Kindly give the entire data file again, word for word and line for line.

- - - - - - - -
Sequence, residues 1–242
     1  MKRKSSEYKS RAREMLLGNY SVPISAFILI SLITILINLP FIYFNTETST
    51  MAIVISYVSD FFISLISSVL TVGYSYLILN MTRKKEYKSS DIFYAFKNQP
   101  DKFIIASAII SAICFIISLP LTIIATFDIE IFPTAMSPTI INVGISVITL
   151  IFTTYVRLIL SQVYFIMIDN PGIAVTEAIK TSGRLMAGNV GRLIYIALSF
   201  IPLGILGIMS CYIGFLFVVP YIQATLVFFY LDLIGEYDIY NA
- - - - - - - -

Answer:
Sequence, residues 1–242
     1  MKRKSSEYKS RAREMLLGNY SVPISAFILI SLITILINLP FIYFNTETST
    51  MAIVISYVSD FFISLISSVL TVGYSYLILN MTRKKEYKSS DIFYAFKNQP
   101  DKFIIASAII SAICFIISLP LTIIATFDIE IFPTAMSPTI INVGISVITL
   151  IFTTYVRLIL SQVYFIMIDN PGIAVTEAIK TSGRLMAGNV GRLIYIALSF
   201  IPLGILGIMS CYIGFLFVVP YIQATLVFFY LDLIGEYDIY NA